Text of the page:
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Twitter continues live-streaming expansion with Bloomberg news deal

Twitter and Bloomberg have a struck a deal to live-stream several of the media company’s television programs on the social network.

The partnership includes the streaming rights to three financial news shows, including Bloomberg West, What’d You Miss?, With All Due Respect, and the network’s daily stock market coverage.

The deal sees Twitter continue its aggressive expansion into live video on its flagship platform, having previously acquired the social media rights to a number of NFL Thursday Night Football games. Twitter also broadcast several ESPN-produced segments from the Wimbledon tennis championships earlier this month.

Related: Twitter will live-stream both the Republican and Democratic national conventions

“Twitter is one of the fastest ways to find out what’s happening in global business and financial markets, and to engage in the live commentary about it,” said Anthony Noto, Twitter’s chief financial officer. “Partnering with Bloomberg will give people on Twitter the best way to see live financial markets performance combined with the live commentary on the underlying drivers and implications.”

The partnership sees Twitter deviate from its focus on sports broadcasts to embrace its other biggest talking point: live news. Twitter recently changed its iOS App Store category from “social networking” to “news,” a clear sign that it was aware of the changing nature of its platform.

Unlike its scattered selection of NFL broadcasts, scheduled to commence in the fall, Twitter’s Bloomberg streams will be delivered several times per day, during each weekday. Aside from the Wall Street updates, the three Bloomberg shows that will be broadcast on Twitter include the network’s daily tech program Bloomberg West, hosted by Emily Chang. What’d You Miss? is the news broadcaster’s daily summary of the day’s important news from the global financial markets, hosted by Joe Weisenthal. Finally, With All Due Respect focuses on the election cycle (another major topic of discussion on Twitter), with analysis from political journalists Mark Halperin, and John Heilemann.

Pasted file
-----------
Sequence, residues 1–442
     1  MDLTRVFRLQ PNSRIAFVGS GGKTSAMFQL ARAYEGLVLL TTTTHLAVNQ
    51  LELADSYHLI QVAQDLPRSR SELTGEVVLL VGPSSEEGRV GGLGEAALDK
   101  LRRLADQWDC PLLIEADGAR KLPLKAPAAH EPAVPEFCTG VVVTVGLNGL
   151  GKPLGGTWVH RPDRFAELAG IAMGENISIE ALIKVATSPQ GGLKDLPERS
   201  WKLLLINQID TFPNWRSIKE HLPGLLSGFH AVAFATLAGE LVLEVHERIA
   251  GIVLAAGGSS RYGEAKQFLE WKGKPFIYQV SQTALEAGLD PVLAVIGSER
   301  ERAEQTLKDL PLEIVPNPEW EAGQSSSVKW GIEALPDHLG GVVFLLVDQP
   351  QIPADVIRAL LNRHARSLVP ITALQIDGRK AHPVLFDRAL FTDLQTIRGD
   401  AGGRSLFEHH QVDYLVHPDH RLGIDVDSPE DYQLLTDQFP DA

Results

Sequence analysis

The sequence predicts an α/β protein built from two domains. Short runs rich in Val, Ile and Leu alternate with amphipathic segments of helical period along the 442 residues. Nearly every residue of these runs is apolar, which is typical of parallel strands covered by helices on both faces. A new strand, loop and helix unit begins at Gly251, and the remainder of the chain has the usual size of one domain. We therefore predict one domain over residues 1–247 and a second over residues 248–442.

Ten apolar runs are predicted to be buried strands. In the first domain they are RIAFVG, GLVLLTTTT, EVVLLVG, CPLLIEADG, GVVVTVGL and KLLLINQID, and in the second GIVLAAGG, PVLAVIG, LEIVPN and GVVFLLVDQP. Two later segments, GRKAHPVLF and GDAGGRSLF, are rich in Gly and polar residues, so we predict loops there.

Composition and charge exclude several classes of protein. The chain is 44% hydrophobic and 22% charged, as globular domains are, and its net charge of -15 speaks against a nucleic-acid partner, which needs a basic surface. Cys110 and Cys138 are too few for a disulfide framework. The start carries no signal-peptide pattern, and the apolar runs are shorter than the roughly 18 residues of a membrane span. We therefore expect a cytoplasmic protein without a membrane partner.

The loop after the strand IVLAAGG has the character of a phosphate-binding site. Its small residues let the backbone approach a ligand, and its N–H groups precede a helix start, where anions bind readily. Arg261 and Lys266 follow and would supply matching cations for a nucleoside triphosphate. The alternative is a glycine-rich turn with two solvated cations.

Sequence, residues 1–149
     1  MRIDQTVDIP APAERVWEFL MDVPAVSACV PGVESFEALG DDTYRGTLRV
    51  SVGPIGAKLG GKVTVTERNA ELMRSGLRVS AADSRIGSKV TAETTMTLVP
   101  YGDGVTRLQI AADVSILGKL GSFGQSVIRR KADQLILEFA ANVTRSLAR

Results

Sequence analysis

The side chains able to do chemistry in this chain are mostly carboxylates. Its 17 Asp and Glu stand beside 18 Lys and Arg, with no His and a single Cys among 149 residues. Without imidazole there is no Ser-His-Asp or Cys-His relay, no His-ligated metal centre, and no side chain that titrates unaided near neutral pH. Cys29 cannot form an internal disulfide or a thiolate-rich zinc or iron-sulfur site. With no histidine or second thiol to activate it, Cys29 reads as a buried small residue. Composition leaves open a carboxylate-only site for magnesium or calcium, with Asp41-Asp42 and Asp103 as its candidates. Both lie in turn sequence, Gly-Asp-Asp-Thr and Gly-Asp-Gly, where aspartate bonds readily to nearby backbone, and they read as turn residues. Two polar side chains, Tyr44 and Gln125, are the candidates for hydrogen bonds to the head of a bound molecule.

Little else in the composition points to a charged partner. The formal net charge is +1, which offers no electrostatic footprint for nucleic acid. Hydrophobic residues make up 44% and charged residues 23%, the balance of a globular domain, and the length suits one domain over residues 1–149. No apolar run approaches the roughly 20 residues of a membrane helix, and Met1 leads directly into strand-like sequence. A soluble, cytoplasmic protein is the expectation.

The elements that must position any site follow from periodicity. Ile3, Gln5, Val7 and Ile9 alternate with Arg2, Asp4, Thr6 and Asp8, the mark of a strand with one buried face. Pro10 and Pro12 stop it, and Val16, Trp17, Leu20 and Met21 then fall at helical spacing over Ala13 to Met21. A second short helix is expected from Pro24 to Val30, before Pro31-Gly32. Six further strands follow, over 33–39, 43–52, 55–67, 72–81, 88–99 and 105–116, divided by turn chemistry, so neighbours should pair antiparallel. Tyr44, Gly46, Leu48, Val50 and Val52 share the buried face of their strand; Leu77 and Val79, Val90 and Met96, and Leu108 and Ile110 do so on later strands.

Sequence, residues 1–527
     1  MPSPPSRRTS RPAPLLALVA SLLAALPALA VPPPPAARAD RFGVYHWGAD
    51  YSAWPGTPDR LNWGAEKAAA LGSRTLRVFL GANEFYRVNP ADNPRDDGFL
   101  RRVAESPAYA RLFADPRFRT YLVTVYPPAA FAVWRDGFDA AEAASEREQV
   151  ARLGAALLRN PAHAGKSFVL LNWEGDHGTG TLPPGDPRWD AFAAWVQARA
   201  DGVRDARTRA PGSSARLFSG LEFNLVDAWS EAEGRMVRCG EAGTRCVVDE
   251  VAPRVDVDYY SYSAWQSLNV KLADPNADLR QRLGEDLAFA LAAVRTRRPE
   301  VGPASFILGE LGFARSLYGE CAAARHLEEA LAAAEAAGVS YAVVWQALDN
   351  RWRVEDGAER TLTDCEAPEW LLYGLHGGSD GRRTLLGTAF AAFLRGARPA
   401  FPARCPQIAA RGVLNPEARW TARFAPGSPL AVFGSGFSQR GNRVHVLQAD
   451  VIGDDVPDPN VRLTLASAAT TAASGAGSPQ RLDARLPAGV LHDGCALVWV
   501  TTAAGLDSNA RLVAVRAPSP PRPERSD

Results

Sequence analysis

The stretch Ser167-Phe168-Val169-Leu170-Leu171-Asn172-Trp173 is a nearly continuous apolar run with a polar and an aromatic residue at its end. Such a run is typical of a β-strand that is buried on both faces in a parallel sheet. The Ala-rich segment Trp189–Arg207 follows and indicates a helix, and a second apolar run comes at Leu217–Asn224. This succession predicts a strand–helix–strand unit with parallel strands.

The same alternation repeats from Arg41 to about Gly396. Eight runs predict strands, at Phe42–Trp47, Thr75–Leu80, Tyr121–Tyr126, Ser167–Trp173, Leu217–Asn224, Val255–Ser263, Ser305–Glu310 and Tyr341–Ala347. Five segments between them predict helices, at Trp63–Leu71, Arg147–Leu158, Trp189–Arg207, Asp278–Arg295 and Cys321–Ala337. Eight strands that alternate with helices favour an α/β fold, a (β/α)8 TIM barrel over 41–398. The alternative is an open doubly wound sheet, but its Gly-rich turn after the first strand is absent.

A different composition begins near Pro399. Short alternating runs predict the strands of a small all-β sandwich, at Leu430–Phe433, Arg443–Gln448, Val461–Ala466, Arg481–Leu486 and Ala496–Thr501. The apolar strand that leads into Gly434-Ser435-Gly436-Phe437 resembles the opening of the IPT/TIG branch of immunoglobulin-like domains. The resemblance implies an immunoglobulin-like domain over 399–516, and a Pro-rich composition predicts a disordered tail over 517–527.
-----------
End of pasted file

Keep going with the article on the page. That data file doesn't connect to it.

“By partnering with Twitter, viewers from all over the world will now be able to leverage a powerful, real-time platform to consume and react to the news, accelerating our position as a leader in global business video, and offering new and innovative opportunities for our marketing partners,” said Bloomberg Media CEO Justin B. Smith.

The venture sees Twitter emulate rival Facebook Live’s strategy of tapping media partners to bring their content to its burgeoning live-streaming feature. Facebook reportedly paid the likes of BuzzFeed and The New York Times upwards of $3 million dollars to broadcast on its social network. Details of Twitter’s Bloomberg streaming deal were not disclosed.

“The live streaming partnership between Twitter and Bloomberg demonstrates the increasing role that social platforms are playing in video — and why this is an increasing threat to TV,” Gareth Capon, CEO of Grabyo (an official Facebook live-streaming partner) told Digital Trends.

“Moreover, the combination of live-streaming and tweets means users can also follow the conversation on Twitter whilst watching the live show – combining a “second screen” experience into a single platform. An added benefit is the promise of global distribution to Twitter’s total audience of over 800 million people, and the potential for significant new reach and audience for Bloomberg, which means additional TV advertising dollars.”